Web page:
• Onalee McGraw

Taking the Higher Road to Civic Friendship with Classic Films in a Broken World

"The ultimate measure of a man is not where he stands in moments of comfort and convenience, but where he stands at times of challenge and controversy."

-Martin Luther King, Jr.



We explore how three classic films integrate justice, friendship and moral truth - Remember the Titans, (2000), No Way Out (1950) and Bad Day at Black Rock (1955). Along the way we discover pathways to civic unity while working to overcome racism and political tribalism. Our mission is to encourage teenagers, college students and young adults, as well as parents, grandparents and educators, to utilize the great art form of classic film to understand the human condition we share.


Hope in a Divided World: Remember the Titans


Through the leadership and friendship of two football coaches, a high school football team learns solidarity and finds common ground, Learning and practicing civic virtues like courage and true justice, they help to heal their racially divided community.


Here are three reasons why watching and discussing films like Remember the Titans can help us rebuild social, cultural and moral capital in our fragmented communities. We can:


1. Rediscover our common humanity

2. Recover cultural memories of higher goods we can share together

3. Prioritize civic friendship over group identity politics


Rediscovering Our Common Humanity


Our classic film project began in the early 1990's when my discovery of "moral energy" as explained by Pulitzer Prize winning Harvard psychiatrist Robert Coles in The Moral Life of Children. In Chapter Two, "Movies and Moral Energy," Coles wrote about how great movies have the power to give a mysterious gift of "moral energy" to each of us. Seven-year old Ruby Bridges, then facing angry white mobs as she walked to her newly integrated school, explained to Coles how watching A Raisin in the Sun could work on the consciences of the hateful people spitting at her. The concept of "Moral Energy" is difficult to pin down because the subjective and personal element in its expression is often overwhelming.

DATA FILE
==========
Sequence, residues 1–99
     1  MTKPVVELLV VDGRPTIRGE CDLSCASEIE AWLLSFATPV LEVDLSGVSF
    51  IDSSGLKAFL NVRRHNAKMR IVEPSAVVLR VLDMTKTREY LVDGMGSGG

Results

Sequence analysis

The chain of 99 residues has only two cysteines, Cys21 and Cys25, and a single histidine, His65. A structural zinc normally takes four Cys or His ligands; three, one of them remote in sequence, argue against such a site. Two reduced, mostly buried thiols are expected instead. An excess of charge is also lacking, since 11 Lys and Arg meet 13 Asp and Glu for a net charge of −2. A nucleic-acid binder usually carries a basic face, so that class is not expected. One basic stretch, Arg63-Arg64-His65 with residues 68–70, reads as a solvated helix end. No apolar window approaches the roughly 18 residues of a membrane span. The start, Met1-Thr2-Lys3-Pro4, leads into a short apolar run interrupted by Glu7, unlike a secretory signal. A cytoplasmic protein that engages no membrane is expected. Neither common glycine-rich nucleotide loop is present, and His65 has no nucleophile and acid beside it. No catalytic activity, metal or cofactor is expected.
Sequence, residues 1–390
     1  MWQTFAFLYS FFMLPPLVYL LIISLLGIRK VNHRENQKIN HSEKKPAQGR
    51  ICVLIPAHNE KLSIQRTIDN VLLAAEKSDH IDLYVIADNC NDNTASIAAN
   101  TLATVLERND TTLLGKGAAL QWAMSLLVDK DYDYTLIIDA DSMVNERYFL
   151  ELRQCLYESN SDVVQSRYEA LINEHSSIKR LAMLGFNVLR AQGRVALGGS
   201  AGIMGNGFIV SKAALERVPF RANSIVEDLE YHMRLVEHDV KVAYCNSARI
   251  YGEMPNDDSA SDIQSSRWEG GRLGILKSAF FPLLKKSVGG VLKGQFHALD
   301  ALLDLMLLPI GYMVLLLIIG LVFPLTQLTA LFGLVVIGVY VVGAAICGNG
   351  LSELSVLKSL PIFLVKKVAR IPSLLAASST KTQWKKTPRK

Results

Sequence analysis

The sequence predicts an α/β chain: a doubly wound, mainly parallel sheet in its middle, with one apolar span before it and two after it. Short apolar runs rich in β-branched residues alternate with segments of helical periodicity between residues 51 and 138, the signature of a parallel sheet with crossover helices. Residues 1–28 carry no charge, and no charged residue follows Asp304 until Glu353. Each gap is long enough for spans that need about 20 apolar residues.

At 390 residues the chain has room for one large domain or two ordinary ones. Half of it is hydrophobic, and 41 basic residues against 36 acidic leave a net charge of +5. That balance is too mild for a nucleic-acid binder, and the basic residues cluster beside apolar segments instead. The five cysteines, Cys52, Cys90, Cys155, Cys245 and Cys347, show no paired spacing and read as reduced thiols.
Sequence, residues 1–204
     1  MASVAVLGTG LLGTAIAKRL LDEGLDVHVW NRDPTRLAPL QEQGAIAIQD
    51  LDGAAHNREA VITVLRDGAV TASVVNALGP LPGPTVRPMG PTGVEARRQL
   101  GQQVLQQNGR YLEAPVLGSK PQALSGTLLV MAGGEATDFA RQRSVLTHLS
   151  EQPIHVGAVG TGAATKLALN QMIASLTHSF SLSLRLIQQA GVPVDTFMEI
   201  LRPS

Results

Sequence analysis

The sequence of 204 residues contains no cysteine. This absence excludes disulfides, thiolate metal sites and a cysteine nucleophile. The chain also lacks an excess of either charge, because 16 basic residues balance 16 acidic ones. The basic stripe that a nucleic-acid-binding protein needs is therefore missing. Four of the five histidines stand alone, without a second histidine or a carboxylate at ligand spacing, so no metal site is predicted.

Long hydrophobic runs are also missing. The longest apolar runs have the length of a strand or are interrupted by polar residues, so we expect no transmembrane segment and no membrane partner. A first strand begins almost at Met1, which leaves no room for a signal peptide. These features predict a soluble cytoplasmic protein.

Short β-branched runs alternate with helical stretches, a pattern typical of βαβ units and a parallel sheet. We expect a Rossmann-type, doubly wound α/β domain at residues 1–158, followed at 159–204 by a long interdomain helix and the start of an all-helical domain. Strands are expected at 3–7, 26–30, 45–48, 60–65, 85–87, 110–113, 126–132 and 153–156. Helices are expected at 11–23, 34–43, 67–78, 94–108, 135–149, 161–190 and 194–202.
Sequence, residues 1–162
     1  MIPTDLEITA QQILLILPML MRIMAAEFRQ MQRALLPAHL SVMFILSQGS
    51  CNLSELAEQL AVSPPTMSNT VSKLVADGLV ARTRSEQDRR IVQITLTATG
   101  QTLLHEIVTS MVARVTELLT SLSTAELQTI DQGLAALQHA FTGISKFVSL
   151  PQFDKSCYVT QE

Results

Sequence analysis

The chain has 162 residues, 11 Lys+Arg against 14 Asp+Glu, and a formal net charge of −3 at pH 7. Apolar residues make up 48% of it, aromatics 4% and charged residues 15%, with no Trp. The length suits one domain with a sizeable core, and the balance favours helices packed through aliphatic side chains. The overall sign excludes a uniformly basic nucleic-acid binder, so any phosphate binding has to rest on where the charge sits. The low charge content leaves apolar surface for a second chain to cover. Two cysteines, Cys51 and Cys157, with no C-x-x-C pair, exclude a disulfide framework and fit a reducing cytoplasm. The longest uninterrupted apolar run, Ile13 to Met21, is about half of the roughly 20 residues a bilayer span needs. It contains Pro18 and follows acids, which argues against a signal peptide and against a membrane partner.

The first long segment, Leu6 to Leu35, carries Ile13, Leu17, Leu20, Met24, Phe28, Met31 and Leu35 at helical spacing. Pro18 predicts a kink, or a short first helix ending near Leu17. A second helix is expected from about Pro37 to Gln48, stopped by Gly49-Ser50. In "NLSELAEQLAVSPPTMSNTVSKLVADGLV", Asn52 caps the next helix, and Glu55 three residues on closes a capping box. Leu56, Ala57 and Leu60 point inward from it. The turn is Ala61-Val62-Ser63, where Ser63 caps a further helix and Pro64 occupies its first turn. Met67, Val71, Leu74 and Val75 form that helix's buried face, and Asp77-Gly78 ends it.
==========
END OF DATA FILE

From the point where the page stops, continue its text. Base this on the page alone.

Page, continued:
The great classic films give us moral energy and a higher level of connectivity to explore together the meaning and truth of our common humanity. The best classic films that we share and discuss together across generations and political divides can help us grasp intuitively the better side of our human nature. Each of us is an irreplaceable member of the human race. Only secondarily are we members of a racial, ethnic or political identity group. Rediscovering our common humanity is ultimately a quest for solidarity in friendship over personal autonomy.


This quest is not a journey that we take by use of our reason alone. It is a journey best guided - not by politicians, intellectuals or an academic treatise - but by poets, artists and storytellers. We can rely more on the great classic movie storytellers to be trustworthy companions on our journey and as reliable sources for gaining moral energy. They are artists who want us to join them in their quest for the transcendent. The very best film stories tell the truth about our human condition. Our accompaniment as members of the audience grows into friendship. We cannot undertake this journey alone. Friendship by its very nature is one of the highest goods of life as seen in this little known quote from Thomas Aquinas:

"A moralist should be more profoundly concerned with friendship than with justice."


Recovering Cultural Memory


Made in 2000, Remember the Titans gives us a turn of the 21st century look at our human nature with a film based on actual events from the 1970's in Alexandria, Virginia. What are the ways that Remember the Titans works on our cultural memory in such a positive way? It conveys a sensibility that allows both our emotions and our reason to grasp vital truths about the human condition "all at once." Coach Boone gives his team a vital lesson at the beginning of the film, showing us at the same time how deep cultural and moral memory develops.